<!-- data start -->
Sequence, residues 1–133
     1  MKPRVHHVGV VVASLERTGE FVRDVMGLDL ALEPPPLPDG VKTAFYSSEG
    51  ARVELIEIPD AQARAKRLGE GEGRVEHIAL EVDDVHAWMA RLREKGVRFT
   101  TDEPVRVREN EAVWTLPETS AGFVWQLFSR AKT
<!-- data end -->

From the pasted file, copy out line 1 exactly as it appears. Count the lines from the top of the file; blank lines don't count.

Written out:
Sequence, residues 1–133